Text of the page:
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Good morning. Alan Murray here, filling in this week for Adam Lashinsky.
Investors yesterday prematurely threw in the towel on the T-Mobile merger with Sprint, driving both stocks down on the assumption that antitrust regulators will block the deal. Contributing to investor pessimism was the fact that the merger deal didn’t include a break up fee…suggesting the companies themselves have no great confidence in their ability to win approval in Washington. Some were also dismayed by the companies’ financial forecast for this year, distributed Sunday as part of the merger announcement.
But T-Mobile CEO John Legere clearly isn’t giving up. Sure, moving from four telecom carriers to three seems to presents a classic antitrust problem, with research showing consumers usually lose in such cases. But Legere is arguing two things make this different:
First, the battle for 5G. My colleague Aaron Pressman, who has done hands down the best coverage on this topic, has written here about how the Trump administration’s obsession with China is driving Legere’s latest urge to merge. Expect him to be in Washington arguing that AT&T and Verizon have taken their eyes off the prize, with acquisitions in media, and only a combined T-Mobile and Sprint can assure that a dangerous “5G” gap doesn’t open up between China and the U.S.
Then, second, there is Legere himself. He is the “uncarrier,” champion of the consumer, and will never become a cozy oligopolistic, he insists. Giving him more market clout will increase competition and help consumers, regardless of what the models say.
I especially like the second argument. Legere has recast the role of CEO, becoming a one-man disruption band, almost Trump-like in his use of Twitter to attack his opponents. It’s worth re-reading Pressman’s February piece on him to take the measure of the man. I don’t know if passion, drive, and sheer brashness can win an antitrust battle. But if it ever can, this will be the one.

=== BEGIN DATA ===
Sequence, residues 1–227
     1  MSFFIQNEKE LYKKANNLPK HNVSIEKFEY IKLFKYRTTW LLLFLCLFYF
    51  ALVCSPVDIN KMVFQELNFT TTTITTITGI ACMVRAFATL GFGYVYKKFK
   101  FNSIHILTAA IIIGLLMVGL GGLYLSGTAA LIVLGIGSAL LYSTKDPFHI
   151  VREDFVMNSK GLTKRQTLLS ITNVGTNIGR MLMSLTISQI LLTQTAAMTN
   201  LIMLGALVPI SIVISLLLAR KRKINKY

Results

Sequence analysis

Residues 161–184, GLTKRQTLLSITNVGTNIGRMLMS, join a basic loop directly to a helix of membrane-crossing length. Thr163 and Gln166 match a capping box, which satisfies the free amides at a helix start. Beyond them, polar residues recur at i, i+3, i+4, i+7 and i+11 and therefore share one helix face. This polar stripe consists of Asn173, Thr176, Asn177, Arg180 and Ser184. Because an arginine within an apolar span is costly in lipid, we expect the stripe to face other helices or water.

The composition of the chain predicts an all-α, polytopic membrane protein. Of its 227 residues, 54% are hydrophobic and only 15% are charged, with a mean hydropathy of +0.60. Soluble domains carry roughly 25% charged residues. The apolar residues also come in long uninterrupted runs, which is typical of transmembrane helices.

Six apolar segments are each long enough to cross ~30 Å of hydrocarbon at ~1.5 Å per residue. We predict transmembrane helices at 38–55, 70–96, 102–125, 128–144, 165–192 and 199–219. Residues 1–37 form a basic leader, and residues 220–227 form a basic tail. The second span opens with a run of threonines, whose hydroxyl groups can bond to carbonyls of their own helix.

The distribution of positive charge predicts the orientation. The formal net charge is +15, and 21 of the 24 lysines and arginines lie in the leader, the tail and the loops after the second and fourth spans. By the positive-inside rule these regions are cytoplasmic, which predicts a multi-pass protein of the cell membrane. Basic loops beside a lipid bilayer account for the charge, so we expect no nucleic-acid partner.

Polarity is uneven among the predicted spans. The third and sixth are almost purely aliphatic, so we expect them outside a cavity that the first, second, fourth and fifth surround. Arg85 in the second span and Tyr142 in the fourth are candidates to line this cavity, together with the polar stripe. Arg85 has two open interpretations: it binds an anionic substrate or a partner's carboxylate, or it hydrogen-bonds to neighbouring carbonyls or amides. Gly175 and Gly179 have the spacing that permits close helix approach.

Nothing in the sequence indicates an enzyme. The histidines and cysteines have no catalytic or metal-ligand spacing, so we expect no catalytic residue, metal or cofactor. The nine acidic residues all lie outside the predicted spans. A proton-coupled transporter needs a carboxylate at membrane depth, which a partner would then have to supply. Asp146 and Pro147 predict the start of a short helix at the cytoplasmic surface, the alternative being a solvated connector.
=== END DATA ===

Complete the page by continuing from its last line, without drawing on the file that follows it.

In any case, this will be fun to watch. Given his record of success, I’m inclined to give Legere better odds than the market is.
Gone, baby, gone. Jan Koum, co-founder of the WhatsApp messaging service that he sold to Facebook for $22 billion in 2014, is stepping down as CEO and leaving the company after reportedly clashing over privacy and encryption policies. Koum may be forfeiting stock grants worth almost $1 billion, Bloomberg reported, but he already cashed in grants worth several billion over the past three plus years. Koum's departure follows the quieter exit of WhatsApp's other co-founder, Brian Acton, who not only quit Facebook but also tweeted the #DeleteFacebook hashtag.
Witness for the prosecution. A California Supreme Court ruling on Monday will make it easier for workers in the gig economy, like Uber drivers or TaskRabbit gofers, to claim they are employees as opposed to independent contractors. The court's three-part test puts the burden of proof on employers and includes the requirement that a worker's role is “outside the usual course of the hiring entity’s business.” Meanwhile, an investigation by CNN focused on the dark side of ride hailing drivers, finding 103 U.S. Uber drivers accused of sexual assault or abuse in the past four years and and 18 drivers for Lyft.
State of play. Twitter announced 30 new or renewed agreements on Monday for video content, including with ESPN, Viacom, and Major League Soccer. Variety had a detailed run down of all of the deals, but suffice it to say that investors were pleased. Twitter shares gained 5%.
Reindeer games. Fitbit and Google announced a kind of blah blah deal on Monday about health care data APIs and HIPAA compliance. But buried in the press release was a hint that the two may work together on a future wearable device. That would make a lot of sense, given that Google's Android ecosystem has lots of apps, which Fitbit's smartwatches lack, while Fitbit has some nifty hardware designs, which Google lacks.
The company men. Volkswagen and Chinese ride-hailing company Didi Chuxing have struck a more substantive deal, agreeing to work together on self-driving cars. "We want to explore mobility projects as well as autonomous driving and robo-taxis,” Weiming Soh, board member in charge of strategy at Volkswagen Group China, told the Wall Street Journal.